Parenting the New Kids on the Block

Care and Maintenance of Your Crystal, Diamond, or Rainbow Child

The Boston tragedy: a bully on steroids

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After the horrible tragedy Monday; the hopeless feeling; the sensation that the floor dropped out from under us; the pain in my heart and soul; feeling the confusion, pain, and fear of those there (which I did after Newtown, as well), I asked Spirit for the lesson in all of this. As the Rev. Emanuel Cleaver asked during our neighbor’s funeral, “where is my blessing”?

And Spirit replied, “What is terrorism but escalated bullying?” and pointed me to a Facebook post I shared a few weeks ago (borrowed from my high school friend Margaret, now a hospice counselor):

* * * *

Bullying 101: Empathy

The ability to imagine oneself in another’s place and the thoughts, intentions, emotions and direct experiences of them.

Bullies are challenged by this. Not that they don’t have empathy but rather that their needs, wants and/or emotions are the priority. They have the ability to distance themselves intellectually and emotionally. As we age, the ability to distance becomes more difficult to change. Empathy is an emotion that is taught and can be taught. Remember yesterday when an Alpha Male mostly listens? That is one of the keys. In our brains there are specific neurons that activate during communication and if we are truly listening and attentive, our body begins to mirror the other. Our ability to quiet our mind, set aside our internal desires, emotions and thoughts is directly related to our ability to learn, develop and feel empathy. If you are empathizing with someone you are truly listening. If a bully was truly present and understanding someone else’s pain thereby not self-centered, do you think they would bully? Probably not.

* * * *

My friend Tom added a link to an article on bullying:

The gist of the article is that, contrary to popular belief, bullies have average or higher than average self esteem. Now, self-esteem is a GOOD thing, but more importantly, the article also points out that bullies can lose their moral compass when driven by their peers.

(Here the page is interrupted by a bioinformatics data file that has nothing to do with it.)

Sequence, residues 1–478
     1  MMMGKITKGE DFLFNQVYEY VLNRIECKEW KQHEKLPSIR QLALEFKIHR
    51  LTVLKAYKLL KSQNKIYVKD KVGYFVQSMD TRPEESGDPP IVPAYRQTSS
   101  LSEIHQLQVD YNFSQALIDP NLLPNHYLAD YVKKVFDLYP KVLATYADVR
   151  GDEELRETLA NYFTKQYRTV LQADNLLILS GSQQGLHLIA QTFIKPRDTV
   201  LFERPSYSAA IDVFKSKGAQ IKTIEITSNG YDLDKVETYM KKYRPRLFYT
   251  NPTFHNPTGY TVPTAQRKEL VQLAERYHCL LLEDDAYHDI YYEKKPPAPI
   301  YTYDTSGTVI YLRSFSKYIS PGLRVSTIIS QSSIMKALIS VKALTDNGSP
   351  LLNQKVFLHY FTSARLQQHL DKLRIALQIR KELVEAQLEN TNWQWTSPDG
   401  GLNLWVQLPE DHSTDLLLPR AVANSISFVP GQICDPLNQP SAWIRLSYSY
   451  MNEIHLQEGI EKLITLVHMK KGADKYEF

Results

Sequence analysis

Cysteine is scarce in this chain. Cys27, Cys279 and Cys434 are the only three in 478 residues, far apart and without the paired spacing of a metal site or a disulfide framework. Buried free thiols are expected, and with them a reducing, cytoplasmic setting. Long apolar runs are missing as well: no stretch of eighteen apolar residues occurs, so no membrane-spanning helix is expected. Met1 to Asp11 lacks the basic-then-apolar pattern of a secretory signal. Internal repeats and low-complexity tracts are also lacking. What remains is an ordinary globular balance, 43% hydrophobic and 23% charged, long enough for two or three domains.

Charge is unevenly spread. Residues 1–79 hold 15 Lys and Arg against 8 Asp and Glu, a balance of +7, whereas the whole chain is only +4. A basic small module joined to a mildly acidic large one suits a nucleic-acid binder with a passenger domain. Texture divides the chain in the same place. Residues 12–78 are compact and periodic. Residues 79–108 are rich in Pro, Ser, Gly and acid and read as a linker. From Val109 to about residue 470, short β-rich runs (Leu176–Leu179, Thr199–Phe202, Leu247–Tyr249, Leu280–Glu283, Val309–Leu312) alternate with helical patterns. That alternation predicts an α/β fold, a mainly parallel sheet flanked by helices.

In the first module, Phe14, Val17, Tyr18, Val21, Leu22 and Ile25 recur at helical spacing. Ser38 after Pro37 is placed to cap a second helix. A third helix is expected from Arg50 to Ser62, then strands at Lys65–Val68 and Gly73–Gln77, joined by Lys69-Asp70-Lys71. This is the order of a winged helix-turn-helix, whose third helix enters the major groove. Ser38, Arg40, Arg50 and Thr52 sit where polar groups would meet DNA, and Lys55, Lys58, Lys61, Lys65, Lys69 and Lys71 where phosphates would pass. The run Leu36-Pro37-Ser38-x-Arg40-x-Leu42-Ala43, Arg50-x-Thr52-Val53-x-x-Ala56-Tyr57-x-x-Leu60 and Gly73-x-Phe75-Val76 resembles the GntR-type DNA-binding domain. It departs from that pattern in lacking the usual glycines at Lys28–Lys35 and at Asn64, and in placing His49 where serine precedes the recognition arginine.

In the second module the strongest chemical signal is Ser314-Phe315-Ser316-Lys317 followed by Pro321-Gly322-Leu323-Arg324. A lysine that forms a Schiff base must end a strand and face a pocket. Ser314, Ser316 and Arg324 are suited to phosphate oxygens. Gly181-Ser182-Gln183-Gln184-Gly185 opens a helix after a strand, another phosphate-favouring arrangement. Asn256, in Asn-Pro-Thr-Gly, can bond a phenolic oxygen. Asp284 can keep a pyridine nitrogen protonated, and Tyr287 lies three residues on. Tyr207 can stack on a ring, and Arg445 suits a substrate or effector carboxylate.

Empathy is the key that keeps bullies and their peers (really, the driving force of bullying) from losing their way–and as Margaret’s post points out, it is an emotion that can be taught. If you are here, reading this, you are a likely a parent, grandparent, teacher, or caregiver who already teaches empathy and the sacredness of others. If you don’t make it a focus, perhaps you’ll be moved to do so now. As with anything dealing with the heart or emotions, teaching children empathy is not something you draw up a lesson plan for and say, “Kids, today we’ll be talking about how to imagine yourself in another’s place.” It’s something we model regularly, mention off-hand frequently, and let our children catch us doing daily.

As a believer in creating our own reality, I often stress to Lily that no one can “make” you feel anything. However, we do have intentions behind our words and actions. Using words and actions that are intended to hurt is not being respectful to the expression of God in others. Lily gets that. I let her know my occasional slip-ups of being thoughtlessly unkind, and we discuss how I could have done it better. As she grows and gains mastery over her emotions, she’ll share the same with me. Again, empathy is key–realizing that another person also has thoughts and feelings, as we do.

Those behind the bombings in Boston are bullies, plain and simple. They do not have the spark of empathy inside them that tells them that others’ freedom from pain and suffering is equally or more important than their need to make a statement. That their feelings of pain, of “righteousness,” of mayhem, do NOT take priority over the freedom of others to live their lives in peace. Like those in the news who have taunted and tormented others to taking their own lives, or adults to break down on a school bus, or who make countless children afraid to go to school, those who caused this event have not had someone model empathy to them.

WE–you, me, others we reach out to–can stop this. I see it on my child’s playground. The bullying starts young, and parents stand by. We can reach out to them and to their children and talk about empathy. It can start with us.


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